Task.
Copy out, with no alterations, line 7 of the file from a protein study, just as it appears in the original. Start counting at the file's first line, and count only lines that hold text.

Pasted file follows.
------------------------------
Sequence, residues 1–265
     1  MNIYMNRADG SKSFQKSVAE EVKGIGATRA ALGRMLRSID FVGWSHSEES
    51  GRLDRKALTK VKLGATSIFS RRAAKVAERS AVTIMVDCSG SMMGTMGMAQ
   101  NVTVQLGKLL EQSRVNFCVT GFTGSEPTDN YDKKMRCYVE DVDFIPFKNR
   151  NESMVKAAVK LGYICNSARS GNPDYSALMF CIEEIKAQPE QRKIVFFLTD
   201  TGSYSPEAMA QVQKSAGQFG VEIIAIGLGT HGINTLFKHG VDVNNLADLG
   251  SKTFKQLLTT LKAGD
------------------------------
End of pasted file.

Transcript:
   251  SKTFKQLLTT LKAGD